“I tell every one of them that we (Baylor), above all, expect the teacher to have respect, compassion, concern, yes, even to strive to love every student and to treat them accordingly. I tell them we expect them also to love their fellow teachers, and even to strive for that impossible height of loving the university administration. We strive to encourage all on the campus to act toward each other in such a manner of love that the observing world can tell we are Christians.”
Over the years, I have talked to a host of professors and administrators hired during McCall’s presidency – John Belew, Bob Baird, Tom Hanks, Bill Cooper, David Pennington, John Wood, Andy Moore and others – and they’ve all confirmed that account of their initial interviews.
Above all, McCall told them to love the students.
And – in my experience and in the experience of countless other Baylor alums I’ve talked to in over these past 50 years – that’s exactly what happened. McCall was quite happy if you published; he encouraged it. But never, never, never at the expense of your relationship with your students.
That’s the Baylor that welcomed me in’72. The great majority of my professors committed to learning my name the first week and remembered me long after I’d left Baylor. Mind you, I wasn’t a particularly promising student – I certainly wouldn’t have been admitted to today’s Baylor. My parents lived in Alexandria, Virginia, while my father was stationed at the Pentagon, so I only traveled home over Christmas and the summers. But, these professors became my family. They continued to love me, encourage me, nurture me long after I’d graduated. Some still do, all these decades later.
Looking back – though I didn’t notice it at the time, nor did I care overmuch, I suppose – some of these professors (some of the most loved on campus) didn’t have PhDs: David McHam, Rachel Moore, Bob Reid, Ann Miller and others. Like most students, I wasn’t aware (and what students are, unless you tell them?) that any of my professors had published books.*** What I was keenly aware of was that these people, who worked so hard to insure that I understood the material, cared about me.
I gladly, gratefully give those professors credit for much of whatever I have accomplished to this point in my life. I stand on their shoulders. I was particularly fortunate to major in journalism, where McHam, Harry Marsh, Mike Stricklin and others essentially adopted every new generation of budding journalists. I know students in other majors who felt the same from the professors in their own departments.
And it’s worth noting here that, like many rebellious 18-year-olds, I wasn’t exactly a model student. That’s where Martha Lou Scott, A.A. Hyden, Bill Dube and other administrators came in – they modeled the living Christ for me even as they subtly, gently corrected and guided me.
Baylor University was in the midst of an extraordinary sea change during my four years, 1972-1976 in Waco. In One Man’s Journey, Castello notes that 24 campus buildings were either erected or remodeled between 1962 and 1981, including my own Castellaw (1974), where I spent most of my time. The campus nearly doubled in size.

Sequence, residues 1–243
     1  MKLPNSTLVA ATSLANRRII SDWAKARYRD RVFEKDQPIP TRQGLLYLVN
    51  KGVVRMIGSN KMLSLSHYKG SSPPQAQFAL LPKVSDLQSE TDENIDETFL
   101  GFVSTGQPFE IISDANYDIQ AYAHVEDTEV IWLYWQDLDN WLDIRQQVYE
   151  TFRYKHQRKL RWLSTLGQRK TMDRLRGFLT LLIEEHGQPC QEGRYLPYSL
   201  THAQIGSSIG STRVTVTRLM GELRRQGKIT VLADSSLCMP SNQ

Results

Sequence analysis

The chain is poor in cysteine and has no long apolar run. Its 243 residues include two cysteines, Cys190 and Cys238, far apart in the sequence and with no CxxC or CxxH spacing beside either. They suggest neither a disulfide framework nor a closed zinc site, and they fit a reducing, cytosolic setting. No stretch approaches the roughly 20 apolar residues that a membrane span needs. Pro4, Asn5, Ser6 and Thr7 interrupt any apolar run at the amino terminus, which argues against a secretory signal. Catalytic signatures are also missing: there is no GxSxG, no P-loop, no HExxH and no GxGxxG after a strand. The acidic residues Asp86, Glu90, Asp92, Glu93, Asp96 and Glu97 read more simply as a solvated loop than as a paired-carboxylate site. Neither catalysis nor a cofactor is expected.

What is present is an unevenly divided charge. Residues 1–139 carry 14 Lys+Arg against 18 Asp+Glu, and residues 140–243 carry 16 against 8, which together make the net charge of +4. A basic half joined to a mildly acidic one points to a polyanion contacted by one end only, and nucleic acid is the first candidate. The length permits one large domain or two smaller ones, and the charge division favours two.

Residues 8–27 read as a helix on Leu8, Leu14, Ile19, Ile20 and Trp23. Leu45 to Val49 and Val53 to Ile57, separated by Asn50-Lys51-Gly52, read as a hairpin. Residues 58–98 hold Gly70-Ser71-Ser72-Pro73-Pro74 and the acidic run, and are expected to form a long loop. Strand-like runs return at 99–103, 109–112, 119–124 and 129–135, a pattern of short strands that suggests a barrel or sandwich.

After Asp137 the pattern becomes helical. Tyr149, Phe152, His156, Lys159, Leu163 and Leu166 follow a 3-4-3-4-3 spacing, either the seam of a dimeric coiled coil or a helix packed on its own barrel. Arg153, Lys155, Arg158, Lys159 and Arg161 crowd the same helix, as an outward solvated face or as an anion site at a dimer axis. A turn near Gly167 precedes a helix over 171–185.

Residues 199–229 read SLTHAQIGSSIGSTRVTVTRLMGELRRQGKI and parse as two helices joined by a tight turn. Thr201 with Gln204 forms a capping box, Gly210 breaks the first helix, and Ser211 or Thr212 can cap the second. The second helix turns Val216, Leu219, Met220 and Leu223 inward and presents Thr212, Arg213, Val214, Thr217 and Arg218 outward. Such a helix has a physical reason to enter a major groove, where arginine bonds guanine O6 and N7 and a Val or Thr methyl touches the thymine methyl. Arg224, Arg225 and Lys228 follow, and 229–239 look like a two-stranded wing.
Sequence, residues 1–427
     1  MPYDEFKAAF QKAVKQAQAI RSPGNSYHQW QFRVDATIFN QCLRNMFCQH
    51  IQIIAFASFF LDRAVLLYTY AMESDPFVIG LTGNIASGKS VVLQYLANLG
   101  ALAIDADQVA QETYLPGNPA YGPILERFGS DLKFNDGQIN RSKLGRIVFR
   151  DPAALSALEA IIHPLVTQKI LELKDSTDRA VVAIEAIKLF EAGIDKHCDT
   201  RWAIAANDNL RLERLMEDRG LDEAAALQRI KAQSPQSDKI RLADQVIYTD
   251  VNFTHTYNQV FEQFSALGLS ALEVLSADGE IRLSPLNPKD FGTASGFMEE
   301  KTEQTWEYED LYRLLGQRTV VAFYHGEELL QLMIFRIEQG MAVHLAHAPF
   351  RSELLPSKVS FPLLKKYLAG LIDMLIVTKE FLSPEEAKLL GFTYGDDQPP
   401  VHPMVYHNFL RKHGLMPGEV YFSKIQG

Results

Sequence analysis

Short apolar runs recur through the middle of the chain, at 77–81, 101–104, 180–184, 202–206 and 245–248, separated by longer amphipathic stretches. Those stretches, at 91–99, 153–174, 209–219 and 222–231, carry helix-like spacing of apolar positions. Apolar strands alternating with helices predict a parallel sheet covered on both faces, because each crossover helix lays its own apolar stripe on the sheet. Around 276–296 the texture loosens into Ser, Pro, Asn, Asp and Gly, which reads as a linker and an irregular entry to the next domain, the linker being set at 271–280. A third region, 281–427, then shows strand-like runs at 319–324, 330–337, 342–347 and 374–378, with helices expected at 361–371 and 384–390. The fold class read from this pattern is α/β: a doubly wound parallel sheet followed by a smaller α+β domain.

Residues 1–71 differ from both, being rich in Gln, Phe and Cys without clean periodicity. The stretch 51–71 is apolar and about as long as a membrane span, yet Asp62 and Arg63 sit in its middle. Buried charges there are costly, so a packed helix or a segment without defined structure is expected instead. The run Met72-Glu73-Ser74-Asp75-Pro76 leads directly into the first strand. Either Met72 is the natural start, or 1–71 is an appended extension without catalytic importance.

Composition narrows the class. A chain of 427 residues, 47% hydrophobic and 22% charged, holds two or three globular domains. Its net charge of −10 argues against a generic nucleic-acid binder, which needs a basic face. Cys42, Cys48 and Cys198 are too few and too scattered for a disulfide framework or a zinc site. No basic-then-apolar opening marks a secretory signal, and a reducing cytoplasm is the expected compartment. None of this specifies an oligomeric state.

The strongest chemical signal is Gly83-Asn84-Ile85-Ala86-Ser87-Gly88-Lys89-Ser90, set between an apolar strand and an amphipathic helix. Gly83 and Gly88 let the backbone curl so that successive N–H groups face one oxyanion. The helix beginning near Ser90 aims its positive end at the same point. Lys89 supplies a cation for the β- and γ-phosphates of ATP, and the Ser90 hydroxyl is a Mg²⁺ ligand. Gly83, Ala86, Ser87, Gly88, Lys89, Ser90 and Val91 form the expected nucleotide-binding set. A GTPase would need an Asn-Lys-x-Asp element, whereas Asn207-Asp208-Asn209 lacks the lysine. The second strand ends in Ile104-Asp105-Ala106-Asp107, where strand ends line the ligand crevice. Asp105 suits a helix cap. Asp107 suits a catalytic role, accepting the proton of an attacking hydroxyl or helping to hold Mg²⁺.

And McCall towered over my days at Baylor, even as we watched him shuffle across the campus each morning, stuffing his pockets with pecans he found along the way. If you were really brave, you could join him in a nearby coffee shop where he’d pop salted peanuts in his Big Red soda and regale those assembled of tales of his time in the FBI.
As president, McCall was adamant that his professors be good people and good teachers. McCall’s successor, President Herbert Reynolds, told Castello that McCall would ask prospective hires, “Do you enjoy teaching?” (Reynolds called it McCall’s “Teacher-Travel Policy.” In short, “If they can’t teach, they can move on.”)
And that’s exactly what I experienced at Baylor as a student. Good people who loved me and who were great teachers. Some were flamboyant (Robert Reid, Ann Miller, O.T. Hayward, Ralph Lynn), some were more subdued (McHam, Marsh, Barry Kingman, Wallace Daniel), but all made me feel that I mattered to them … every single day. (One side note: In my four years at Baylor, I never had a single TA or adjunct. An almost impossible or at least unheard of opportunity for the Baylor students of today.)
When Jim Barcus gave me the opportunity, the honor, of teaching in the Professional Writing department (and later, when Doug Ferdon did the same thing in Journalism), I keenly felt the weight, the expectation of those blessed souls each and every time I walked into a Baylor classroom.
I felt that I had been the recipient of a sacred trust, that teaching was a sacred calling. Beginning in 1988 (as an adjunct lecturer), through 1999 (when I went entered tenure track) and into my next two decades teaching, I told my students just that. It was, I hoped, a way for them to hold me accountable. It was as if, at times, those beautiful faces from my past looked over my shoulders in the classroom, like a cloud of witnesses. I had received a gift of immeasurable value and it would be a betrayal of that gift, that trust, if I didn’t try my damnedest to emulate that compassion, that love for the young people who – if only for a few hours a week – had been placed in my care.
And in my final lectures in May 2023, that’s what I tried to convey one last time to the students in my Film and Digital Media/Journalism 1303: Introduction to Mass Communication and Journalism 2303: Introduction to Reporting and Writing classes.
I care. We care. You matter to us and to the God who created you.
That is the great gift of old Baylor to me, a legacy of extraordinary teaching by extraordinary people. It is what, in my own fumbling, faltering way, I tried for 24 years to convey to my students, even if I didn’t succeed in teaching them anything else. In the end, above all else, teaching matters.